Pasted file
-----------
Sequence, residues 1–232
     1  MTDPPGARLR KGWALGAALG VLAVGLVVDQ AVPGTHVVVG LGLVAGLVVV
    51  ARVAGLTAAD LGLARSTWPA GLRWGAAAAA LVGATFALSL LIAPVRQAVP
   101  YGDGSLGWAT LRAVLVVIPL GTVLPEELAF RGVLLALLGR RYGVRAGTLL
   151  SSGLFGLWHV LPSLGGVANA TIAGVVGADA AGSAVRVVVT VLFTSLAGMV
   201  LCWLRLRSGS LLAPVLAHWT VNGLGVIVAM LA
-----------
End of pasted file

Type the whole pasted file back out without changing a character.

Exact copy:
Sequence, residues 1–232
     1  MTDPPGARLR KGWALGAALG VLAVGLVVDQ AVPGTHVVVG LGLVAGLVVV
    51  ARVAGLTAAD LGLARSTWPA GLRWGAAAAA LVGATFALSL LIAPVRQAVP
   101  YGDGSLGWAT LRAVLVVIPL GTVLPEELAF RGVLLALLGR RYGVRAGTLL
   151  SSGLFGLWHV LPSLGGVANA TIAGVVGADA AGSAVRVVVT VLFTSLAGMV
   201  LCWLRLRSGS LLAPVLAHWT VNGLGVIVAM LA